Until very recently, traditional Indian theologians used to understand and evaluate the worthiness of a religious tradition by an analysis of the trilogy of its asha (ultimate hope it conjured up), isht (nature of the god it worshipped) and upasana (the mode of worship it employed). The concept of a deity they worship is considered to be the key to understanding nature, character, ambitions and aspirations of the people who follow it as well as the philosophy that inspired it. It determines the character of the ‘flock’ it will produce and the kind of service to humankind that it will render. An analysis of the ‘dasamgranth’ reveals that Mahakaal-Mahakaali couple is the deity that it promotes. Every significant chapter (including the bachittarnatak portion) and section upholds Mahakaal-Mahakaali as the ultimate reality. Modes, means and manner of worshipping the couple is meticulously laid down and propagated. Wherever Mahakaal or Mahakaali is exclusively mentioned the other entity is implied. Mention of one is to be considered inclusive of the other.
Mahakaal, in Hindu mythology, is considered the more vigorous or intense form of Shiva and Mahakaali is likewise the intense (uggar) form of Parvati. Both are portrayed as warrior gods, armed to the teeth adorned with a garland each of severed human heads that alone covers their naked black bodies. The milder and vigorous forms are so apart that they jealously demand exclusive loyalty to themselves. Shiva worshippers can be even forcibly converted to worshipper of Mahakaal or Mahakaali.
This deity is known to Hindu mythology as the ‘aradhayadev’ of the Shakat denomination which has been numerically dominant in almost all periods of history of Hinduism. The Sakat mode of worship is summed up by the nemonic ‘five Ms’ or five ‘makars’ (just as the five articles of faith of a Sikh are known as five ks or kakkaars) each one beginning with the letter ‘m’. The five makkaars are: maas (flesh, human flesh?), maachhali (fish), mad (alcohol and other intoxicants), maithun (sexual intercourse) and mudra (pose, gesticulation, parched grain). In the baani of Guru Granth these practices are strongly held to be deplorable and depraved. Bhagat Kabir condemns them in the strongest words. Of more than 107 references to the sakats in Guru Granth, there is none that is complimentary. The same deity is worshipped by other sections or sampardais. Aghoris live in cremation and burial grounds like the deities they worship. They eat human,s flesh in addition to observing other makers. ‘Dasamgranth’ is replete with references of women killing their husbands and eating their flesh. There is also a reference to a Aghori ‘saint’ who devours one human body every day. Mahakaali is the patron goddess of thugs who waylay people rob their property and offer them as human sacrifice to her. (In Gond Measure the Fifth Nanak says, ‘losing their human dignity the sakats plunder people’). She is the favourite of dacoits. In our times both Man Singh of Chambalghati and Jagga of Maur worshipped her. Anandmath of Bankim Chander Chatterji has more details on the subject.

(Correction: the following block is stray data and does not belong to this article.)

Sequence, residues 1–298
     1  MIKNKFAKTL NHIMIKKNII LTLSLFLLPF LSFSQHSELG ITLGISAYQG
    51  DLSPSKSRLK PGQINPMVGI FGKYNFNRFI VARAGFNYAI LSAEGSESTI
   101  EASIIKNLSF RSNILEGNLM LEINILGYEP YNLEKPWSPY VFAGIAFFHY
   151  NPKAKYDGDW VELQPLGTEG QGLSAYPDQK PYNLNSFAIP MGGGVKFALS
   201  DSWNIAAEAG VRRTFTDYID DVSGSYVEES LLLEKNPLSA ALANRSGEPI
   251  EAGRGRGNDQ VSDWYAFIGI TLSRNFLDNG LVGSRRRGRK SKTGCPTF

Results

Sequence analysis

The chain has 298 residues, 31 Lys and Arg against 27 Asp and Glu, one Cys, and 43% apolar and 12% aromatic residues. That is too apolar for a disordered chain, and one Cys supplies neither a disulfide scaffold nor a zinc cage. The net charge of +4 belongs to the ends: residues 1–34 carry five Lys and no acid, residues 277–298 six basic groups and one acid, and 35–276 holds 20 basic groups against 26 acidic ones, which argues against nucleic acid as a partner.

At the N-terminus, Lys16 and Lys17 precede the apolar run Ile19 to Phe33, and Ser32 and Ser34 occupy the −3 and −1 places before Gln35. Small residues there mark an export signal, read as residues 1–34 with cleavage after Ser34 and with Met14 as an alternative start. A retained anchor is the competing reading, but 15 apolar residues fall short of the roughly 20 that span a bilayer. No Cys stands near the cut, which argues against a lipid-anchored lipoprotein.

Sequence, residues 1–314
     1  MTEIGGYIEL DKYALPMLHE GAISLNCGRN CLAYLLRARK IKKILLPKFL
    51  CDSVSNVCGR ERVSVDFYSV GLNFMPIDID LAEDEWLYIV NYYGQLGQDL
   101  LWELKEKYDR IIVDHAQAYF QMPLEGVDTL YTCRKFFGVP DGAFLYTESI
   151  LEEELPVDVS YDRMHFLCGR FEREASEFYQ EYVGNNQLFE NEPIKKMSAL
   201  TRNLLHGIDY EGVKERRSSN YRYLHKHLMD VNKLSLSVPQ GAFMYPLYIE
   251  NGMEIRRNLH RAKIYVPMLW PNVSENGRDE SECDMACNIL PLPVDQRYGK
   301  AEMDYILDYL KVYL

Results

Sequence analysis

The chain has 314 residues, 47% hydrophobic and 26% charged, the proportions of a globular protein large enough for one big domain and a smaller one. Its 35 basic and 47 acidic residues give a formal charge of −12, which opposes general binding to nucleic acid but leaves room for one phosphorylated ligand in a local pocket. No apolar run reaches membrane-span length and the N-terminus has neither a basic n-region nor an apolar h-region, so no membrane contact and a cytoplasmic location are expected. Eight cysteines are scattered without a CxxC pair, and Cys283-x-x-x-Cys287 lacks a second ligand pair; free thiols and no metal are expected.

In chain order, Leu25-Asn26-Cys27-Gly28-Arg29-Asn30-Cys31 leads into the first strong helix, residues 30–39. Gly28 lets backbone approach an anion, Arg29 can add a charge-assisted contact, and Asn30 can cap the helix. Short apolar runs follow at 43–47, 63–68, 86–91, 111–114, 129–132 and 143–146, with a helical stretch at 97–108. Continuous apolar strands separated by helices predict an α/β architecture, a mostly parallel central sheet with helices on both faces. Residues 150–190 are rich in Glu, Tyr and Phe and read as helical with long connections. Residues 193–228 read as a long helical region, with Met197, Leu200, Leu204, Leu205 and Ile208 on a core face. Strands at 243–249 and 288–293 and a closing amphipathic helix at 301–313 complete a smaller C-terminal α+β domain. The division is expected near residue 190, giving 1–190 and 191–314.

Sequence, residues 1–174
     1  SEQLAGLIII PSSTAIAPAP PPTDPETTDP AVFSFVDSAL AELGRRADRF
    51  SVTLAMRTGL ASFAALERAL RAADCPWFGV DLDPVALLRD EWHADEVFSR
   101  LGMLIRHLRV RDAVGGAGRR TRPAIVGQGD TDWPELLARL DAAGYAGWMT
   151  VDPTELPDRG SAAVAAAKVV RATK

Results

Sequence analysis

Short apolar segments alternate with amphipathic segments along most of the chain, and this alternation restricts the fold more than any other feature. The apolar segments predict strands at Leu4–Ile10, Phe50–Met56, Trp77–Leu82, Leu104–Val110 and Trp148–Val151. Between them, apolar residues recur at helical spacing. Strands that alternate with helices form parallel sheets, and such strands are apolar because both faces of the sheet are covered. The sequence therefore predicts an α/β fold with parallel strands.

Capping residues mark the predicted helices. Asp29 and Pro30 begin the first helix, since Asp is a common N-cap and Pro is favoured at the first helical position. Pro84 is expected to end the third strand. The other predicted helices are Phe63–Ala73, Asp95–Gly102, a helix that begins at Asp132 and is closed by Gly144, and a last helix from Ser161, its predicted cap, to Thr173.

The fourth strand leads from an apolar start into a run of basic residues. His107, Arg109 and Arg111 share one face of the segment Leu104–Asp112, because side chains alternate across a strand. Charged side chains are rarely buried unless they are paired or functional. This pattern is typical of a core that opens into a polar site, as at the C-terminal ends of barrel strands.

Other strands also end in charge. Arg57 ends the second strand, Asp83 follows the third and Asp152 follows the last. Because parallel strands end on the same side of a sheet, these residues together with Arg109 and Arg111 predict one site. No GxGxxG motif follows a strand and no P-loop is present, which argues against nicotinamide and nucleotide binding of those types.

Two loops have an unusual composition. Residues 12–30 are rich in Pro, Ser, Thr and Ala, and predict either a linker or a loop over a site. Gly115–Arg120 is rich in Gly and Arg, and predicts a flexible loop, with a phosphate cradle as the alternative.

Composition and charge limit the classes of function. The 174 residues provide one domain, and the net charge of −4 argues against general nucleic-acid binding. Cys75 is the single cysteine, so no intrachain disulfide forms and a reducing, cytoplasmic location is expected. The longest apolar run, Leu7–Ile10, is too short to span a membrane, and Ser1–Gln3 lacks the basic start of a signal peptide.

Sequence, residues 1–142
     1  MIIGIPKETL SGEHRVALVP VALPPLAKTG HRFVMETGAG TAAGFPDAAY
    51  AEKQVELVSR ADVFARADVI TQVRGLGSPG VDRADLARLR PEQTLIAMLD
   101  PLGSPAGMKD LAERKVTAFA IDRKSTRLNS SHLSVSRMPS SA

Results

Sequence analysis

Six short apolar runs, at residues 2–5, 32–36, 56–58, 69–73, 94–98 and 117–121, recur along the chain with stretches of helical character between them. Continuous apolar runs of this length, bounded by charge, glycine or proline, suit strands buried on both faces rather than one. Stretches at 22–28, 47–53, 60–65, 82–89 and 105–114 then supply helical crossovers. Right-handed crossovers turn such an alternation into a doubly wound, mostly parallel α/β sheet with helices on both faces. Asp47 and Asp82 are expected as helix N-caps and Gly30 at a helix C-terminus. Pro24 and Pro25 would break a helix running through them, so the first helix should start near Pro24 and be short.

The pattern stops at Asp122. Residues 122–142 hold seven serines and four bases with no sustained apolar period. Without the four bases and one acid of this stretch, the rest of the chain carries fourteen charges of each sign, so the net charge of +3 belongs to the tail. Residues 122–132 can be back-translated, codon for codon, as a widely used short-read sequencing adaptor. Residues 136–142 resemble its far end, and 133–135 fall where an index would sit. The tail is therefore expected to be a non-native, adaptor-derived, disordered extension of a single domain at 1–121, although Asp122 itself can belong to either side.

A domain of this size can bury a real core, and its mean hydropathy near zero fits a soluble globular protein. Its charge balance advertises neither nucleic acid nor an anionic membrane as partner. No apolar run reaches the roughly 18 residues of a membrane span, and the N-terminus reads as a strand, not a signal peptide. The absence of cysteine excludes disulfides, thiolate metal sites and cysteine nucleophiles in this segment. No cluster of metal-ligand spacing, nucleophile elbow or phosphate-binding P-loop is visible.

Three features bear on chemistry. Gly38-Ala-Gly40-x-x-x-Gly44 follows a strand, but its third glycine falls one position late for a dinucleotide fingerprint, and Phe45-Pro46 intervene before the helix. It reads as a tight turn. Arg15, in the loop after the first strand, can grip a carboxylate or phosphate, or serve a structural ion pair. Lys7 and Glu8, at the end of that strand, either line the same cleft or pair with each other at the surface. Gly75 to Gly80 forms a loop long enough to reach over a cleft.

Mahakaal is particularly violent. In the field of battle he devours enemies, eats them up and drinks their blood. He is represented as remaining in fighting mode continuously for thousands of years and routinely kills 45 padam soldiers calculated to be 75 times the population of the world today.
Various religious books confirm this and much more about Mahakaal. He is known by several other names. In the ‘dasamgranth’ one of his more misleading names is Kaalpurakh or the lord of death, he is also Khargesh. He is taken to be the supreme god by those who worship him. Other Hindu gods, including Brahma, are represented as almost being his domestic helps. They run errands at his command. His hideous appearance is calculated to strike terror and fear of death in the heart of his enemies. Mahakaali too is a death dealing person who ‘more resembles a fury than a goddess’ according to one dictionary of Hindu mythology.